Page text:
We tend to think of slavery as a thing of the past, but history has a way of repeating itself. Today, we find that human slavery is once again a sickening reality whose pervasive violence against women continues to be one of the least recognized human rights abuses in the world.
According to Peel Regional Police, 60% of all reported human trafficking cases in Canada occur in the Greater Toronto Area. And, most of these are of women under 18 years old, trafficked for the purposes of sex.
On April 26, 2018 CNWE (Catholic Network for Women’s Equality) once again held a “Stop Human Trafficking” campaign to raise awareness for a better understanding of the issue.
The group gathered first at Holy Trinity Church for input from a representative of the Peel Regional Police, and group sharing and reflection, before proceeding to Dundas Square for a silent awareness vigil.
We condemn this forced exploitation of individuals, most of whom are young girls. We refuse to be merely bystanders in the face of this continuing oppression and violence against women that remains hidden in a culture of silence. We call all local communities and government leaders to find collaborative ways to end human trafficking close by and around the world.
by Lorie Nuñez, OLM
This is our daily mantra as we prepare to move into Presentation Manor this fall.
Since we’re trying to abide by the Three R’s…. Reduce, Reuse, Recycle… we’re not just throwing stuff away.
As environmental and social activist Julia Butterfly says: “When you say you’re going to throw something away — where’s ‘away?’ There is no away.”
First, we try to find someone who can reuse the things we no longer need.
But then, what about things that no one is using anymore? This was my thought as I looked at our collection of VHS video tapes and audio cassette tapes. Luckily someone pointed me towards Red Propeller. For a small fee, they recycle VHS & Beta videotapes, cassette tapes, floppy discs, 8-Tracks, reel-to-reel tapes, and more. They also have a child car seat recycling program.
And, many of the people who work at Red Propeller are those with barriers to employment.
– Christine Gebel, OLM
It’s an all around win situation. For more information, go to:
Several OLMs participated in the Blue Scarf Walk in Toronto on Earth Day, April 22, 2018:
The theme was : Protecting & Connecting with our Food, Land, Water
About 40 people participated in the walk which began next to Queen’s Park and wended around 6 stations throughout the downtown area, ending at Dundas Square.
As we paused at the stations, we prayerfully considered: SACRED EARTH, SACRED WATER, SACRED FOOD, SACRED LAND, SACRED AIR AND SACRED ENERGY.
It was a very meaningful way to honour, celebrate and stand in solidarity with EARTH.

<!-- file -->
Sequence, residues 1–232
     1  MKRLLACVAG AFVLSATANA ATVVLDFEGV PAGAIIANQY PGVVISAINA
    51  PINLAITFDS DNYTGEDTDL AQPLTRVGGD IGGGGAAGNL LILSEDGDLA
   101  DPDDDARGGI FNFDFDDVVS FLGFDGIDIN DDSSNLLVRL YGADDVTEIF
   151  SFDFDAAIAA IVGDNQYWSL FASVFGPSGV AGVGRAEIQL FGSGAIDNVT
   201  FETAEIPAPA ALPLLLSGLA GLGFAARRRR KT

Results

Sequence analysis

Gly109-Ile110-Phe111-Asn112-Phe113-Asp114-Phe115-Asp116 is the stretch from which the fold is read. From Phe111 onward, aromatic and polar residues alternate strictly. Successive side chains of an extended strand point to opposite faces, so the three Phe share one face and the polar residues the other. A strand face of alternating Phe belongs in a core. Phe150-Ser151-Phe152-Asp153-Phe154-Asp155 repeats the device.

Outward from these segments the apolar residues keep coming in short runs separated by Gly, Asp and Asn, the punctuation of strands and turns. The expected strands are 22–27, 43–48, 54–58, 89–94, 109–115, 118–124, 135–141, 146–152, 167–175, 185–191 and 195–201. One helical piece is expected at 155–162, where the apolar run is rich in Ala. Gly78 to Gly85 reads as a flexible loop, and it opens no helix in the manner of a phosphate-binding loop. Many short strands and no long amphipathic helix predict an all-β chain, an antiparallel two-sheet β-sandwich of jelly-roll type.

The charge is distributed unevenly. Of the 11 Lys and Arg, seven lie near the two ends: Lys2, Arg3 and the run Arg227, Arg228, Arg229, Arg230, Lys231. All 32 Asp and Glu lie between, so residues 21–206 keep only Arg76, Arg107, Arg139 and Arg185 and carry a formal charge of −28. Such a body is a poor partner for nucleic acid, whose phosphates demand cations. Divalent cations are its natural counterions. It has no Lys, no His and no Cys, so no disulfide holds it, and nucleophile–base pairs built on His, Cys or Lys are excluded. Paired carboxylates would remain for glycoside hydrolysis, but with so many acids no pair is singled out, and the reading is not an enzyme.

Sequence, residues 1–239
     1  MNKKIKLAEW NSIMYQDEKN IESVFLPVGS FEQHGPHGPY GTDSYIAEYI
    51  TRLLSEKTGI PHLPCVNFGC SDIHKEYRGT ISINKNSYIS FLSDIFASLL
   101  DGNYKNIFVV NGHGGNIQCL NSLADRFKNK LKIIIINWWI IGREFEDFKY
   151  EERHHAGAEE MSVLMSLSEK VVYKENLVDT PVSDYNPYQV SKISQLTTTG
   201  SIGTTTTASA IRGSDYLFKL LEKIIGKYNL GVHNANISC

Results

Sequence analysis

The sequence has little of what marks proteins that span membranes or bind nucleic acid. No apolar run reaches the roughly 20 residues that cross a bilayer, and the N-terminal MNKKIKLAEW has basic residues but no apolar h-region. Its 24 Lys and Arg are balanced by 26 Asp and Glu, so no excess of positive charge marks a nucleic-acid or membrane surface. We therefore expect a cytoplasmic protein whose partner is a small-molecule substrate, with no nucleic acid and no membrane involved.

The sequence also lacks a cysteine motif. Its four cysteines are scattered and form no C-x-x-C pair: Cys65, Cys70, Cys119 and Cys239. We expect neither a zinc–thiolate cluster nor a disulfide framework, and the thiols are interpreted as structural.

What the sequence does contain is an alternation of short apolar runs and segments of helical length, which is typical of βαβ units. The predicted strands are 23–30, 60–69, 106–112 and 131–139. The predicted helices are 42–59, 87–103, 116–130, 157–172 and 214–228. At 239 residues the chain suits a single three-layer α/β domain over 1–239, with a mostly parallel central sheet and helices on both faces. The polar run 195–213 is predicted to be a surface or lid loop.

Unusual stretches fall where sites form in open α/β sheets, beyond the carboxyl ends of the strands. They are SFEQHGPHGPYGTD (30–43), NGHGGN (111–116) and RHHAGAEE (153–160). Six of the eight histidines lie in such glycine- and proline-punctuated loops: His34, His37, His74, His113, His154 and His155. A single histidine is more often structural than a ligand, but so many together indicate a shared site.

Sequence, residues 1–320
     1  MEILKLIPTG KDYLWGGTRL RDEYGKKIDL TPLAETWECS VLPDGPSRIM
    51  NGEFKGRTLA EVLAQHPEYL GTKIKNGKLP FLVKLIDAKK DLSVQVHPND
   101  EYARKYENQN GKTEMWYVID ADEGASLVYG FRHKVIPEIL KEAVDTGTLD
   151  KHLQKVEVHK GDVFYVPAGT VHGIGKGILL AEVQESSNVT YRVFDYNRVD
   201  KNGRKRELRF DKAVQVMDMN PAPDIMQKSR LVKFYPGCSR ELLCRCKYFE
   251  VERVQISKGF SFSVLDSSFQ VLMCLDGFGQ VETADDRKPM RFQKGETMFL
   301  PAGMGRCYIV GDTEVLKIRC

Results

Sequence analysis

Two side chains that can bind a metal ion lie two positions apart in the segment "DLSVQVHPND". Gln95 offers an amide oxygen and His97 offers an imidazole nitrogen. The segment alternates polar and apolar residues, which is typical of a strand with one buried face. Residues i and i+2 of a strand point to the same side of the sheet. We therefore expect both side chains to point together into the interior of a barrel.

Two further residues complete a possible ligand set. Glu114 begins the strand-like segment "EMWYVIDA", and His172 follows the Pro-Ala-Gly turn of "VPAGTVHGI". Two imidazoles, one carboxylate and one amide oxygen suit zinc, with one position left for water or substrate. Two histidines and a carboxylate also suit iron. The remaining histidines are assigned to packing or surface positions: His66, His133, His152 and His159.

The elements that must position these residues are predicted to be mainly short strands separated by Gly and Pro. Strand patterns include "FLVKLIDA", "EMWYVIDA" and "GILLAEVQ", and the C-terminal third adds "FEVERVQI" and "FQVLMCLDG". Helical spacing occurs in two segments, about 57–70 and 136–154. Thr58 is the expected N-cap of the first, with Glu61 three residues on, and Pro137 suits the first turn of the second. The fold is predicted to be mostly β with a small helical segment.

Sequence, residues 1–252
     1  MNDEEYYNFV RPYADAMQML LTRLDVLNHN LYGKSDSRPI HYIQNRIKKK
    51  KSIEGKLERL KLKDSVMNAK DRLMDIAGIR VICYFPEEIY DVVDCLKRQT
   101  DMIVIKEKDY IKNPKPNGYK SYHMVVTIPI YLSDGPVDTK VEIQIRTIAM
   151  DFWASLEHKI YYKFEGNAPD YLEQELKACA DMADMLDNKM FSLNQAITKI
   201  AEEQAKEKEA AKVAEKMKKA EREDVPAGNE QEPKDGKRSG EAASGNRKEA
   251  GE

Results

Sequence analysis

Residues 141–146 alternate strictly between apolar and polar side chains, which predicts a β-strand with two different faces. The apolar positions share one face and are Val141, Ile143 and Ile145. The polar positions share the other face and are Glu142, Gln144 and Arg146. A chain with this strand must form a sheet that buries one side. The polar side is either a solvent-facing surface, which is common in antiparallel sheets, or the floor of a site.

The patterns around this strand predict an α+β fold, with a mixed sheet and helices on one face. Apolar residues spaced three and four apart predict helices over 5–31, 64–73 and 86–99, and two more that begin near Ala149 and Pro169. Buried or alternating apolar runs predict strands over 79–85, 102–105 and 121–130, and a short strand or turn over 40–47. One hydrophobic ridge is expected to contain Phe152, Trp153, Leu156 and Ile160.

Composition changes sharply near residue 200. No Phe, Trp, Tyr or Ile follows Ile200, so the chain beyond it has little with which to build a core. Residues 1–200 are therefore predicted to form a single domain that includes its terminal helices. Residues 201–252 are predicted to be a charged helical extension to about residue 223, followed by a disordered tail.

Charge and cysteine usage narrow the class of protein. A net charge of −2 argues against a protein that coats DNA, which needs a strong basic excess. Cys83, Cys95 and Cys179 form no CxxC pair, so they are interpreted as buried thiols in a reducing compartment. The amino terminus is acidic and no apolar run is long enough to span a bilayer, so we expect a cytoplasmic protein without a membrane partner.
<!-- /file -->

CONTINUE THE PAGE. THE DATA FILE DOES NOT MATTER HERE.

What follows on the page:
Sr. Christine Gebel, OLM
We are grateful to those who sponsored the walk:Sponsored by:
Development and Peace
Jesuit Volunteers Canada
Basilian Centre for Peace & Justice
Pax Christi Toronto
On April 12, 2018, Water Docs held its 7th Annual Film Festival opening night at Hot Docs Ted Rogers Cinema. The event launched the Water Warrior Award. Maude Barlow, the first recipient, was recognized for giving the world hope and inspiration to be a caring society that provides health care and equity for all its citizens.
Also, in this annual gathering three winning films were featured; HOLY (UN) HOLY RIVER by Pete McBride & Jake Norton, FIX AND RELEASE by Scott Dobson, and AMAZONIA DAMMED by Ada Bodjolle. Each film brings awareness of the importance to protect and to preserve water.
The human right to water is also an awareness for us all to acknowledge. Clean drinking water and sanitation are essential for everyone. We call all world leaders and local government leaders to provide safe, clean, accessible and affordable drinking water and sanitation for all.
One of the many ways to make this awareness become reality is by joining the Blue Community Project campaign. Please see links below.
By Lorie Nuñez, OLM
Water Warrior Award
On Good Friday, as in other years, some of us participated in the Ecumenical Good Friday Walk for Justice in downtown Toronto. This year the theme was “Dimensions of Poverty”. At the four stations we had the opportunity to reflect on some of the unjust situations that exist here in Canada and in other countries, situations that we as Christians are called to do something about.
We heard again that many workers are forced to live on inadequate wages and unfair working conditions, that the legal system works against the poor, making it difficult for them to rise out of poverty. We were reminded that the wealth in the world is unfairly distributed and benefits the few; poverty is greater among Indigenous people; the number of homeless in the city is increasing.
We saw again that the resurrection of Jesus that gives us cause for hope does not give us the right to presume. We cannot wait for God to act because God acts in us.
The joyful, hope-filled gift of Easter is the awareness that God who showed us how to live justly through the life of Jesus continues to be with us. When we act on behalf of our sisters and brothers who need us we find, like the couple on the road to Emmaus, that God is there.
A Blessed Easter to all.
– Frances Brady, OLM